Im Focus: Newly discovered material property may lead to high temp superconductivity

Researchers at the U.S. Department of Energy's (DOE) Ames Laboratory have discovered an unusual property of purple bronze that may point to new ways to achieve high temperature superconductivity.

While studying purple bronze, a molybdenum oxide, researchers discovered an unconventional charge density wave on its surface.

Im Focus: Mapping electromagnetic waveforms

Munich Physicists have developed a novel electron microscope that can visualize electromagnetic fields oscillating at frequencies of billions of cycles per second.

Temporally varying electromagnetic fields are the driving force behind the whole of electronics. Their polarities can change at mind-bogglingly fast rates, and...

Im Focus: Continental tug-of-war - until the rope snaps

Breakup of continents with two speed: Continents initially stretch very slowly along the future splitting zone, but then move apart very quickly before the onset of rupture. The final speed can be up to 20 times faster than in the first, slow extension phase.phases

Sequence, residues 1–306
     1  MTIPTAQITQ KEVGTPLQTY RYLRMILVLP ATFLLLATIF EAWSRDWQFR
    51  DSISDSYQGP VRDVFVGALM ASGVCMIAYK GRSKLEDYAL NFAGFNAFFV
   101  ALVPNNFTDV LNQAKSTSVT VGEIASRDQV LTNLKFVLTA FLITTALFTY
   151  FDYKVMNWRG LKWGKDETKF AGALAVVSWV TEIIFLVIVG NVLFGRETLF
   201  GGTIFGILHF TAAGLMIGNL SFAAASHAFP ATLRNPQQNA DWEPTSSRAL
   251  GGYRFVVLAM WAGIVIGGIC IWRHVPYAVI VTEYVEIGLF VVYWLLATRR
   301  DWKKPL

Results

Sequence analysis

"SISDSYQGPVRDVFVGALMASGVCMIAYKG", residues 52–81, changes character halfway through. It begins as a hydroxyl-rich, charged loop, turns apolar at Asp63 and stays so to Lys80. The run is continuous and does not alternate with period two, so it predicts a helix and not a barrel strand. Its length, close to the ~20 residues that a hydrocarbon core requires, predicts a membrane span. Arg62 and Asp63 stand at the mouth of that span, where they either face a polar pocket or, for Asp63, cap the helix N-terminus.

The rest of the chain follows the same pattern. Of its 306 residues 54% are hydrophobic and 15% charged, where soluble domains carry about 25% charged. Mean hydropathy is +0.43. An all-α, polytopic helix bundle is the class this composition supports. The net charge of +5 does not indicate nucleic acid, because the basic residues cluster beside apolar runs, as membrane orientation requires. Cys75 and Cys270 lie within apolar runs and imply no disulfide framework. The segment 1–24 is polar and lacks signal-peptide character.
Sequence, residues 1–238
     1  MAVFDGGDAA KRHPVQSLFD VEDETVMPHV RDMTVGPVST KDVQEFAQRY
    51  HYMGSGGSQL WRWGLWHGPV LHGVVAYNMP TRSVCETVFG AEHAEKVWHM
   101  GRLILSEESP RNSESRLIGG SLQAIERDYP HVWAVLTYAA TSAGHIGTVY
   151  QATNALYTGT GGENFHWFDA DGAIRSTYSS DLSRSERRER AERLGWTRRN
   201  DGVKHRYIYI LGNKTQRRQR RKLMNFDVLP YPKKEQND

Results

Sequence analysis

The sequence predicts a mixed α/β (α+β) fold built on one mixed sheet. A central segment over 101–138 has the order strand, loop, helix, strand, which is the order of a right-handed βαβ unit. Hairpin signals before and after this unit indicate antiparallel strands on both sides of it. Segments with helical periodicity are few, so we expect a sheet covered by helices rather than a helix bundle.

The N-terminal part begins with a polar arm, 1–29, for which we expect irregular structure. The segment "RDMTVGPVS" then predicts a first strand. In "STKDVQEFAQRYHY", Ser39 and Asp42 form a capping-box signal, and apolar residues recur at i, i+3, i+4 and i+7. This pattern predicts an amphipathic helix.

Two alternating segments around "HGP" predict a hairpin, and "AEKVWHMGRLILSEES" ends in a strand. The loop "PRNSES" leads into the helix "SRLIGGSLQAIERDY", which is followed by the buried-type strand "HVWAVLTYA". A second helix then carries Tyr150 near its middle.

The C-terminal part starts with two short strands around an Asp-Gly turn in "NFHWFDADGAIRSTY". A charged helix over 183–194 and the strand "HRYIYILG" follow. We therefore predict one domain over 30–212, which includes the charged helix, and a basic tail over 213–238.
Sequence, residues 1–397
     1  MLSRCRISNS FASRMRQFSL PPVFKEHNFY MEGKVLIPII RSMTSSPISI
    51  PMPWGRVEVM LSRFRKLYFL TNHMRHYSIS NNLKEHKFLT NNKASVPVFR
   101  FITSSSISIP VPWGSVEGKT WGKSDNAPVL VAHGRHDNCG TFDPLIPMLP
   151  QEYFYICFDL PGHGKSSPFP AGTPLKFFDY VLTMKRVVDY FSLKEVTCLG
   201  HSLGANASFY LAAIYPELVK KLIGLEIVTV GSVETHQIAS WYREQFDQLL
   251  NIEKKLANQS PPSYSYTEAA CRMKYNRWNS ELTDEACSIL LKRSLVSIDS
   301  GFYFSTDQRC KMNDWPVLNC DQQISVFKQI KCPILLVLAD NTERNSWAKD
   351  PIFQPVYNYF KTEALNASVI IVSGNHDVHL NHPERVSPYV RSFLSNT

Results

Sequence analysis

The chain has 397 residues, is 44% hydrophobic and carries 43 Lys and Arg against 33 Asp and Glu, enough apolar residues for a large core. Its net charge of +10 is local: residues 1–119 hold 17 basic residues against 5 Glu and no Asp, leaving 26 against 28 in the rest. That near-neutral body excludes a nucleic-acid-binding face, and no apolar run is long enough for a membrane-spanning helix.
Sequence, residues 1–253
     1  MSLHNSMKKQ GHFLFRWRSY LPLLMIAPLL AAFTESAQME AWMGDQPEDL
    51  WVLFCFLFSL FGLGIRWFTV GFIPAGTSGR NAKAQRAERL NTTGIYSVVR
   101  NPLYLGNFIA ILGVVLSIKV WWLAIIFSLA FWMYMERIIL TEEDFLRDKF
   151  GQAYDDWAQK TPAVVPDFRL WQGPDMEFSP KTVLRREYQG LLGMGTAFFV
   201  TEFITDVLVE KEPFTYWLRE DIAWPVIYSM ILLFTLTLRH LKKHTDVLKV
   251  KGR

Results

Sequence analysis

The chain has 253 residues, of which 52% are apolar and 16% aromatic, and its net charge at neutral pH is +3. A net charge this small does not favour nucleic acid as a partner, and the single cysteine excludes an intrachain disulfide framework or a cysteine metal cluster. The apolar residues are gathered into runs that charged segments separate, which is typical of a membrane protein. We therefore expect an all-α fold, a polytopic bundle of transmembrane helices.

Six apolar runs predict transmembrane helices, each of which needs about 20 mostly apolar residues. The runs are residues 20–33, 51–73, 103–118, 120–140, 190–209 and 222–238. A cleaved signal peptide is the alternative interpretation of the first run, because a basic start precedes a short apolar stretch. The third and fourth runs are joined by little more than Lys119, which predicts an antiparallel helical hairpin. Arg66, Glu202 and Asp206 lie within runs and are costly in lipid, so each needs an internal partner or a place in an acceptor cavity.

Present-day continents were shaped hundreds of millions of years ago as the supercontinent Pangaea broke apart. Derived from Pangaea’s main fragments Gondwana...

All Focus news of the innovation-report >>>

Anzeige

Anzeige

Event News

GROWING IN CITIES - Interdisciplinary Perspectives on Urban Gardening

15.07.2016 | Event News

SIGGRAPH2016 Computer Graphics Interactive Techniques, 24-28 July, Anaheim, California

15.07.2016 | Event News

Partner countries of FAIR accelerator meet in Darmstadt and approve developments

11.07.2016 | Event News

 
Latest News

Clone Wars – FLI researcher is honored with prestigious Sofja Kovalevskaja Award

27.07.2016 | Awards Funding

New approach for environmental test on livestock drugs

27.07.2016 | Ecology, The Environment and Conservation

Two neonicotinoid insecticides may have inadvertent contraceptive effects on male honey bees

27.07.2016 | Agricultural and Forestry Science

VideoLinks
B2B-VideoLinks
More VideoLinks >>>